Making Urban Mobility Sustainable, Seamless and Safe
Published on : Wednesday 08-04-2020
Growing Population and Urbanization Resulting in Sprawling Urban Cities, …
India will be home to over 600 million urban dwellers by 2030, with most of the growth coming not from the core cities, but the peripheries. From an urban mobility perspective, this means longer travel distances and high density of commuters and freight deliveries. This in turn has resulted in an ever increasing number of private vehicles on the road, in absence of an efficient public transport system and logistics network management. Overall, this unprecedented demand for urban mobility is leading to problems such as traffic congestion, pollution, parking challenges and freight inefficiencie
… Increasing pressure on cities’ infrastructure and demand for fossil fuels, …
Increasing demand for urban mobility which is primarily met by private vehicles has put considerable pressure on country’s infrastructure, specifically the roads, which transport two-thirds of all freight and 90% of the passenger traffic. As a result, traffic congestion, poor road safety and parking challenges has become synonymous with urbanization in India. Another challenge which comes with increasing number of private vehicles on the road is – country’s high dependence on fossil fuels.
...In turn resulting in high levels of pollution, the major cause behind climate change
Air pollution is a major driver behind climate change, the biggest threat countries across the globe are facing. Globally, traffic remains the highest contributor of urban outdoor air pollution accounting for 25% of the total fine particulate matter (PM2.5) generated. Notably, in case of India the share of traffic in outdoor air pollution is even higher at 37% (which is also the highest share across regions
Rising pollution has become a health hazard globally with 9 out of 10 people breathing polluted air. Moreover, pollution is expected to account for seven million deaths and cost nearly USD225 billion (~INR1,597,500 crores) to world economy in 2019.
The air pollution situation in India is alarming considering it is home to seven of the world’s top 10 polluted cities.
This highlights a dire need of transforming urban mobility with a shift towards cleaner technologies, where India is a laggard
Globally countries are solving for their need for cleaner mobility through electric vehicles (EV) which has witnessed significant increase over the last few years. Notably, global EV deployment resulted in a net savings of more than 50% emissions in 2018.
However, India has a lot of ground to cover as far as electric vehicles are concerned. Though, there is some uptake on electric two wheelers and three wheelers, India lags significantly on cars, buses and freight vehicles.
Integrated data systems which forms the basis of an efficient urban mobility system is an immediate requirement which needs to be fulfilled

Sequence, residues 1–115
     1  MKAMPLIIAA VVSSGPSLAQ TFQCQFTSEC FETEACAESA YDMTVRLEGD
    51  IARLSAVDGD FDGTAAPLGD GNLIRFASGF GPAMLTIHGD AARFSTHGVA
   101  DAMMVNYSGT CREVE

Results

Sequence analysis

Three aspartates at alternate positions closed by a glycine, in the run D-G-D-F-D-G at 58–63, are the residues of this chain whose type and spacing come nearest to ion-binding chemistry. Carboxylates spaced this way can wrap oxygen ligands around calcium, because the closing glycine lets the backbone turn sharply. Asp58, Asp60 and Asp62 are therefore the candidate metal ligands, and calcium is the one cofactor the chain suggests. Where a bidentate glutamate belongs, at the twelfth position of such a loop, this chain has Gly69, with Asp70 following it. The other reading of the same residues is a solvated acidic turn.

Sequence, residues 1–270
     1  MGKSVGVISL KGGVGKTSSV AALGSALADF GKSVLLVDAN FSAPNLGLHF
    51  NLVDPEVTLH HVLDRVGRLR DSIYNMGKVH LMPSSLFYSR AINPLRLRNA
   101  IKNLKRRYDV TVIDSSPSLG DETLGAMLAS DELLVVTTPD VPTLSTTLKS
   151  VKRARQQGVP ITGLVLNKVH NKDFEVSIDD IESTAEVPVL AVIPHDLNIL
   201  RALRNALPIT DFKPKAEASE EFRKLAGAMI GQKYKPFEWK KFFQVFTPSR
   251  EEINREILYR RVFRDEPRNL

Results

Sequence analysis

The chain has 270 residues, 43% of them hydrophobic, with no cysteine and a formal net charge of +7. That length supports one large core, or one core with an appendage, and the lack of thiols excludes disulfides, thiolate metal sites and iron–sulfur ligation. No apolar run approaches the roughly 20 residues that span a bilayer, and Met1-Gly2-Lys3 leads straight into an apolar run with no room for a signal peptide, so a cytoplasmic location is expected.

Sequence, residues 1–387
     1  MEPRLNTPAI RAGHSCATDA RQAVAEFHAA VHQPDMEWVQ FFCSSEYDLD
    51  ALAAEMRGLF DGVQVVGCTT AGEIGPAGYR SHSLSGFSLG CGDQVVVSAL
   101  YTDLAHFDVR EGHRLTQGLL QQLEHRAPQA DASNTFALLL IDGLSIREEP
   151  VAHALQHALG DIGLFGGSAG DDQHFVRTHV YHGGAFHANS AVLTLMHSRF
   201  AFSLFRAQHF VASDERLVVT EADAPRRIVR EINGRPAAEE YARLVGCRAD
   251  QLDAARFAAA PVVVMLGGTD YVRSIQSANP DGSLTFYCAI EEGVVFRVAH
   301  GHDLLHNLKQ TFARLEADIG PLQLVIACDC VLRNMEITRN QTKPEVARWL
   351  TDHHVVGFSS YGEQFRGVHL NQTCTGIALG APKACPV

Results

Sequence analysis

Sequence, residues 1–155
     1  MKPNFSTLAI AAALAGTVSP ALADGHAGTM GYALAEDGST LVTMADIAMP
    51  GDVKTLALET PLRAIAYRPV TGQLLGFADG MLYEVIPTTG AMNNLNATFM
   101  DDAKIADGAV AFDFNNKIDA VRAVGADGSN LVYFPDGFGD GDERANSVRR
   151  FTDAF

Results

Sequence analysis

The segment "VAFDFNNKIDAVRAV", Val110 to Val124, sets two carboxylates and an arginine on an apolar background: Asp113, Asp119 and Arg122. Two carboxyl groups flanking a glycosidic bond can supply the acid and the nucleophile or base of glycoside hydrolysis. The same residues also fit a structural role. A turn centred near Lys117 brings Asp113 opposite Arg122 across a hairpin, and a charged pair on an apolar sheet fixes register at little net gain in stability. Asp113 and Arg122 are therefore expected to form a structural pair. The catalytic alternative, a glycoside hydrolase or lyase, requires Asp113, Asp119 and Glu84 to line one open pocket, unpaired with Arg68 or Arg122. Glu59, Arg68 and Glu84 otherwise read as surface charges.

A key requirement for an efficient urban mobility system is standardized data, which can act as the basis for efficient city planning as well as for integrated mobility solutions. This highlights a need for increased focus on mobility as a service (MaaS), which includes usage of technology solutions for improving efficiency of transportation. Globally, multi-modal integrated systems forms the basis of all successful urban transport systems, and India needs to implement similar systems to address urban mobility challenges.
Overall, a successful mobility system needs a shift towards mobility as a service, which would require a strong, collaborative effort across stakeholders.
NASSCOM proposes a five pronged action plan that will bring together key stakeholders such as government, automotive and technology industries and NASSCOM together to drive sustainable, seamless and safe mobility in urban India.
? Focus on Comprehensive Urban Planning- Establish centralized mobility authority at state/city level which can take a planned and integrated approach to urban mobility development
? Driving Public Transport and Shared Mobility Adoption- Support for higher adoption of public transport and shared mobility options while regulating private transport
? Push for Clean Mobility- Create conducive ecosystem for large scale adoption of electric mobility for people and goods
? Create and Implement Integrated Mobility Systems- Implement integrated digital mobility platform at a country level
To shift India from being a developing country to a developed county, where developed is defined in the words of Gustavo Petro — “A developed country is not a place where the poor have cars. It's where the rich use public transportation.”
To read the full research report and download it in PDF visit the link (https://www.nasscom.in/knowledge-center/publications/industry-40-primer-startup-driven-industrial-stories)
Leave a reply: